The 6-foot-7 sophomore’s departure is a major hit to the Huskers, who are coming off a 12-19 year in which Miles’ job security was called into question. It almost assuredly will be again this year as Nebraska hasn’t been able to build on its 2014 NCAA tournament appearance, instead putting together three-straight losing seasons.

Morrow’s decision is surprising not only given he’d been a productive member of the team – averaging 9.4 points and 7.5 rebounds per game – but because he was born in Nebraska before attending high school in Chicago and both his parents were Nebraska student-athletes his father winning a national title on the football team in 1994 and his mother an all-Big Eight performer on the basketball team.

“I want to say thank you to my teammates, coaches, the fans and the University of Nebraska athletics department for giving me the opportunity to play Division I basketball,” Morrow said in a statement. “It is hard to leave home, and Nebraska is my home. I was born and raised here, it is my parents’ alma mater, and I have a lot of friends here. But sometimes you have to venture out to pursue dreams and aspirations in a career. This is a sacrifice I have to make to better myself.”

Morrow’s transfer comes a year after Andrew White surprised Nebraska with his decision to graduate and transfer to Syracuse, which no doubt impacted the Huskers’ poor 2016-17 record.

Miles was on the hot seat at the end of last season and will assuredly begin this season there as well. A roster hit like Morrow won’t do much to help him improve the situation. Nebraska does, however, have three starters returning while Georgetown transfer Isaac Copeland is eligible, as is Miami (Fla.) transfer James Palmer, Jr.

Lonzo Ball says “I’m better than” Markelle Fultz

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Usually, it’s LaVar Ball that makes news for what he says.

His eldest son is now getting in on the business of generating headlines with something other than his play.

The UCLA star, who said he’ll enter the draft after just one season with the Bruins, claimed he’s the better prospect than Washington freshman Markelle Fultz, who many have pegged as the No. 1 pick in June’s draft.

“Markelle’s a great player,” Ball said, according to ESPN, “but I feel I’m better than him,” “I think I can lead a team better than him. Obviously he’s a great scorer — he’s a great player, so I’m not taking that away from him.”

Not exactly inflammatory stuff – like saying you could have beaten Michael Jordan, that you want a $1 billion apparel deal or a number of things his father has said – bu Ball is certainly projecting confidence. And there’s absolutely nothing wrong with that. There’s quite a bit of money – and pride – at stake with the draft, and Ball put up a season worthy of comparison to Fultz, who had great numbers but played for an abysmal Washington team. Ball, on the other had, had strong numbers while leading UCLA to the Sweet 16.

Both are going to go at the top of a draft that’s stocked full of promising point guards. Which player goes before the other remains to be seen, but it’s likely public pronouncements aren’t going to affect the draft order.

 

UMass hires McCall away from Chattanooga

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UMass has found, once more, the man to take over its basketball program.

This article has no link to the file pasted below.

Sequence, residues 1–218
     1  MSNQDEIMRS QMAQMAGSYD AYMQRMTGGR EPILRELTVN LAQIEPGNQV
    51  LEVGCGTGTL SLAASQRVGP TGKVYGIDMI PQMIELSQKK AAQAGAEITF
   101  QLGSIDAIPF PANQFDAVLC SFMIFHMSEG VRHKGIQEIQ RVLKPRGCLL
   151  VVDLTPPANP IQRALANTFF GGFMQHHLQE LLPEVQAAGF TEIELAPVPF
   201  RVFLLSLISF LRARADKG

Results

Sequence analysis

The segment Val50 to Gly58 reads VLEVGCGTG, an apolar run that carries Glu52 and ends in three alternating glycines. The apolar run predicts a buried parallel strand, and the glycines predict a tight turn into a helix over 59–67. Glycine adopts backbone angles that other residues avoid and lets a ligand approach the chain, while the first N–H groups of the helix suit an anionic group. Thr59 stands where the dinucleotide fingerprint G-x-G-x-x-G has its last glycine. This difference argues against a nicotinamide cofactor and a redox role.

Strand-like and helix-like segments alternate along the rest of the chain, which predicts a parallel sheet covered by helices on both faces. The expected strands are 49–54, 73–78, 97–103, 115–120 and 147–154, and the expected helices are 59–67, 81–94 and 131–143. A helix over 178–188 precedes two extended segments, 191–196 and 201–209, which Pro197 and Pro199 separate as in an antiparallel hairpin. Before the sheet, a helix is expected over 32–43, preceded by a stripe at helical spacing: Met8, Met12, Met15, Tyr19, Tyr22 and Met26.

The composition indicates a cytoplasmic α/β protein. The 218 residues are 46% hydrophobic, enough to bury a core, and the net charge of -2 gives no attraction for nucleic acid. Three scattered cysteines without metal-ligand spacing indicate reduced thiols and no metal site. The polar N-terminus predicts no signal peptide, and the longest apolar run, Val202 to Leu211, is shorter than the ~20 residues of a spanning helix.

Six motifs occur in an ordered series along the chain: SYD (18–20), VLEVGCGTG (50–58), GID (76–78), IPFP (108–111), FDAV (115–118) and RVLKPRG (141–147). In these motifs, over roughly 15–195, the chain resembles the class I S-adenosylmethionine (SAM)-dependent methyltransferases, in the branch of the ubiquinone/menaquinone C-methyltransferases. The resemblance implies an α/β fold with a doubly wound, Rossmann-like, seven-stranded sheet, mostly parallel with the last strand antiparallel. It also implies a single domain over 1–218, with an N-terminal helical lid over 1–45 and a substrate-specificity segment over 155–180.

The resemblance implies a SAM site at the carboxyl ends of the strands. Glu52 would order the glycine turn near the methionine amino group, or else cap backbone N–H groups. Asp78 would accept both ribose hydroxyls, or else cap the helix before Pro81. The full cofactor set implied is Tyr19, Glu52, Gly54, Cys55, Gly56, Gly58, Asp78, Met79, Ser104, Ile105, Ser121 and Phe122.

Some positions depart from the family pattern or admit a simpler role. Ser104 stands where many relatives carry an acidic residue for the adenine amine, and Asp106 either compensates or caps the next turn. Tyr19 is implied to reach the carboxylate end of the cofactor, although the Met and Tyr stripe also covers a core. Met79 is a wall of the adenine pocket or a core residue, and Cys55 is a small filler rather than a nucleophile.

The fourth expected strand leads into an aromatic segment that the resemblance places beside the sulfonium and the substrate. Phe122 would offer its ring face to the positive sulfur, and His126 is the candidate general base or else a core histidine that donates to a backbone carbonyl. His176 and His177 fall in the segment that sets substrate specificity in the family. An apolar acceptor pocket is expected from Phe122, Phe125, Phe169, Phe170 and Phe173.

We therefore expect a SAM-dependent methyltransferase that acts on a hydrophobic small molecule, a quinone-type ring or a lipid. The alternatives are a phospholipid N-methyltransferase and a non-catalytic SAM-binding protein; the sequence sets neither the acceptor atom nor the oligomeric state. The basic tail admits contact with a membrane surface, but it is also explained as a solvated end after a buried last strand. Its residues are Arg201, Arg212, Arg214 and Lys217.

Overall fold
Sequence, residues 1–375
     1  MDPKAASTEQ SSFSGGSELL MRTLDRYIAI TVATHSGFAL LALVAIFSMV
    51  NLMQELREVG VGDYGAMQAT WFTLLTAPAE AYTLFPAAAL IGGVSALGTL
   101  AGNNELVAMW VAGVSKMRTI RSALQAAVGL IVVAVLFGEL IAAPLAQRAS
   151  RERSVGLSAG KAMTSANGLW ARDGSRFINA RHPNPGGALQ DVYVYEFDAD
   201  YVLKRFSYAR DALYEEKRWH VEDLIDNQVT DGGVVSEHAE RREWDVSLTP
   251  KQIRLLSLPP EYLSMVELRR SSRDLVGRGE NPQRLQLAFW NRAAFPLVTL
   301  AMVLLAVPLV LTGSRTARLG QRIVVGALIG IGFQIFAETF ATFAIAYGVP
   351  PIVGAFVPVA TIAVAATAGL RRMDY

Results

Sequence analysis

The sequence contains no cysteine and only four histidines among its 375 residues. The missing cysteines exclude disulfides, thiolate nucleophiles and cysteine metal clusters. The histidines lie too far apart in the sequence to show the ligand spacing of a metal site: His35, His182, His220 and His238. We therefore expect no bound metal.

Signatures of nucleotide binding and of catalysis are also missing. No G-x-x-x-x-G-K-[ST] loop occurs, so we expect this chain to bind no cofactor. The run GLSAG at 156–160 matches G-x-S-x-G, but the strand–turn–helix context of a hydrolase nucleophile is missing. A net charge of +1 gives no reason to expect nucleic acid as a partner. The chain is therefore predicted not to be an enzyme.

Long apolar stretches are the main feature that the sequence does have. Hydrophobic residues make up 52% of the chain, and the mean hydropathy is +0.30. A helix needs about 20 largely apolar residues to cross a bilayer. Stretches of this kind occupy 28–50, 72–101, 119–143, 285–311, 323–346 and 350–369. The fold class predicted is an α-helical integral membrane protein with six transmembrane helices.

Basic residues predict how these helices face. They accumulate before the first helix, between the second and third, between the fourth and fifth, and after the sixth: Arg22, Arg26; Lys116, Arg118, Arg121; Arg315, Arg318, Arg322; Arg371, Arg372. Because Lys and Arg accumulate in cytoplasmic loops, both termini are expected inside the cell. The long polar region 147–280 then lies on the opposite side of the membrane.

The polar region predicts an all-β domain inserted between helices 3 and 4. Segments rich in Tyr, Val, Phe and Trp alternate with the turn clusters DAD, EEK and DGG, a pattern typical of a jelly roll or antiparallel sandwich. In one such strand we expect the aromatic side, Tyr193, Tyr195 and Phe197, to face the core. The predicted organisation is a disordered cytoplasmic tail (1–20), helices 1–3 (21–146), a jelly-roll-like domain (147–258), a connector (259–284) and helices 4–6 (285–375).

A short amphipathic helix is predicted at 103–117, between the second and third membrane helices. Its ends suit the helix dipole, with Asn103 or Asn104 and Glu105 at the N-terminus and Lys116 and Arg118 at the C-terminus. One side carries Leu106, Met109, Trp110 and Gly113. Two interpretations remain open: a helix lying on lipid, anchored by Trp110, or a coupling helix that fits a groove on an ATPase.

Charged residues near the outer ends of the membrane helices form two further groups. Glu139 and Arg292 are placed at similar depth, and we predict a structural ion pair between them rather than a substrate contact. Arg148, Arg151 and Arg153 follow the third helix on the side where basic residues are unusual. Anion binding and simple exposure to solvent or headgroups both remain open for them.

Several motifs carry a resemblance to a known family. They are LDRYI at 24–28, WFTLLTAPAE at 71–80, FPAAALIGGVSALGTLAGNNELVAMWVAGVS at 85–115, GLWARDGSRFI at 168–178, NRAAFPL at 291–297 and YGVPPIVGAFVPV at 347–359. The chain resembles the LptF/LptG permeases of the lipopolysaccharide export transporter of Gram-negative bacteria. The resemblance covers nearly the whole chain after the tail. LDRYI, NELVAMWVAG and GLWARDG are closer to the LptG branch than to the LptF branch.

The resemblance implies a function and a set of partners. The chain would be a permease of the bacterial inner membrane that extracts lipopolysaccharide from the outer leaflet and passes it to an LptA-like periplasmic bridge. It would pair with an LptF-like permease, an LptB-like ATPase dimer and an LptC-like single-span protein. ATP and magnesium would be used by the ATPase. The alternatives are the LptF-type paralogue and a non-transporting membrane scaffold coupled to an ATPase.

The Minutemen have reached an agreement with Chattanooga coach Matt McCall, the school announce Wednesday

“The tradition and resources that are in place not only make this one of the best basketball jobs in the Atlantic 10 Conference,” McCall said in a statement released by the school, “but one of the best jobs in the country. We couldn’t be more excited about becoming part of the UMass family and look forward to building upon the rich tradition that has been established here in the past.”

In McCall’s two years at Chattanooga, the Mocs to the NCAA tournament in 2016 and a 19-12 record this year that featured five-straight losses to end the season.

The move will take McCall out of the southeast for the first time in his career as he previously served as at Florida and Florida Atlantic before getting his first head coaching job at Chattanooga.

McCall wasn’t the Minutemen’s first choice to replace Derek Kellogg after three-straight lackluster seasons. Winthrop coach Pat Kelsey had agreed to take the job before a last-minute about-face that saw him return to the Eagles program just before his introductory press conference was scheduled to begin.

“Matt is a rising star in college basketball coaching who has been a key piece of three successful programs in his career,” UMass athletic director Ryan Bamford said in a statement. “He has earned a reputation as a relentless worker, a great teammate and colleague and a confident leader of young men.

“Matt has worked with some of the most respected coaches and administrators in the country, who loudly sing his praises. Coach McCall’s appointment begins an exciting new chapter for our tradition-rich men’s basketball program at UMass.”

Despite being the second choice, McCall’s reputation in the coaching industry makes him a strong hire, having worked under Mike Jarvis and Billy Donovan. He took over at Chattanooga for Will Wade, and brought the Mocs to a 29-6 record and a  12-seed in the NCAA tournament in 2016.

UMass went to just one NCAA tournament under Kellogg (in 2014) during his nine seasons leading the Minutemen.

VIDEO: Frank Martin’s sideline demeanor as a high school coach

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South Carolina coach Frank Martin has the reputation of being rather, shall we say, intense on the sidelines during games.

The coach has a stare that seemingly could bore a hole through his players when they do something that doesn’t reach his level of expectation. Martin’s demeanor, though, didn’t just come into form once he hit the college ranks.

He was plenty intense on high school sidelines as well.

Martin won three titles while at Miami Senior in the mid-1990s, coaching the likes of future pros Steve Blake and Udonis Haslem. Now having reached his first career Final Four, that sideline persona has put him on the precipice of winning yet another championship, this time at the collegiate level.